Jump to ContentJump to Main Navigation
God's GangsBarrio Ministry, Masculinity, and Gang Recovery$
Users without a subscription are not able to see the full content.

Edward Orozco Flores

Print publication date: 2013

Print ISBN-13: 9781479850099

Published to NYU Press Scholarship Online: March 2016

DOI: 10.18574/nyu/9781479850099.001.0001

Show Summary Details
Page of

PRINTED FROM NYU Press SCHOLARSHIP ONLINE (www.nyu.universitypressscholarship.com). (c) Copyright University of NYU Press Press, 2019. All Rights Reserved. An individual user may print out a PDF of a single chapter of a monograph in NYSO for personal use.date: 19 October 2019

Recovery from Gang Life

Recovery from Gang Life

Two Models of Faith and Reintegration

Chapter:
(p.88) 3 Recovery from Gang Life
Source:
God's Gangs
Author(s):

Edward Orozco Flores

Publisher:
NYU Press
DOI:10.18574/nyu/9781479850099.003.0004

This chapter builds upon the body of literature on segmented assimilation and religion by examining how two urban American ministries facilitated immigrant-origin Latino recovery from gangs in the first decade of the twenty-first century. Despite declining middle-class work opportunities, religion provided gang members the social support and resources necessary to leave gang life behind. Two contrasting models of social reintegration sheltered recovering gang members from gang life, and encouraged them to achieve conventional markers of success, such as employment, home ownership, and marriage. The first ministry, Victory Outreach, facilitated gang recovery by creating rigid social boundaries between the church and the broader local community. Homeboy Industries on the other hand facilitated gang recovery by maintaining and rearticulating porous boundaries between itself and the community. In examining the two faith-based approaches to gang recovery, the chapter also builds on Omar McRoberts' Streets of Glory (2003) and his 2002 Urban Institute report.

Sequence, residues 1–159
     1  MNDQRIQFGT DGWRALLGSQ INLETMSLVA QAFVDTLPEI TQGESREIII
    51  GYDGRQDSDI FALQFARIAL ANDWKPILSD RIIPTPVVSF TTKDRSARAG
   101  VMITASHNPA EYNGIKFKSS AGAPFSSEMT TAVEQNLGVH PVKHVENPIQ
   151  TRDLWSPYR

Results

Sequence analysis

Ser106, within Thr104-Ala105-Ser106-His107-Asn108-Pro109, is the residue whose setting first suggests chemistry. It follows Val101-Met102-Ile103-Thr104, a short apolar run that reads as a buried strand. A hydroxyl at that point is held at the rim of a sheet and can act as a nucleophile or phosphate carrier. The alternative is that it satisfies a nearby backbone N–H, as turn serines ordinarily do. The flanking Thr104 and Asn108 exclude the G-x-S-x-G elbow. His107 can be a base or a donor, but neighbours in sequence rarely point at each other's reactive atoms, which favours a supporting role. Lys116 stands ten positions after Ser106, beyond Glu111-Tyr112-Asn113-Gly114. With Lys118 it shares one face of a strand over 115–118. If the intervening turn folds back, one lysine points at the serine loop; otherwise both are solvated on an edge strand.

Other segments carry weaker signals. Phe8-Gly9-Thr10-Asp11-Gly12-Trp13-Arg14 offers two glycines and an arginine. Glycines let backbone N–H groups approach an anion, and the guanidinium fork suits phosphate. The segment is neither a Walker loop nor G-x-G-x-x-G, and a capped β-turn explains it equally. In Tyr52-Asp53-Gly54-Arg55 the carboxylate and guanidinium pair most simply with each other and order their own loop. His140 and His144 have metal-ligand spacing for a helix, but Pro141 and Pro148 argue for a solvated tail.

Keywords:   segmented assimilation, religion, American ministries, gang recovery, Latino gangs, social support, Victory Outreach, Homeboy Industries, Omar McRoberts, Streets of Glory

NYU Press Scholarship Online requires a subscription or purchase to access the full text of books within the service. Public users can however freely search the site and view the abstracts and keywords for each book and chapter.

Please, subscribe or login to access full text content.

If you think you should have access to this title, please contact your librarian.

To troubleshoot, please check our FAQs, and if you can't find the answer there, please contact us.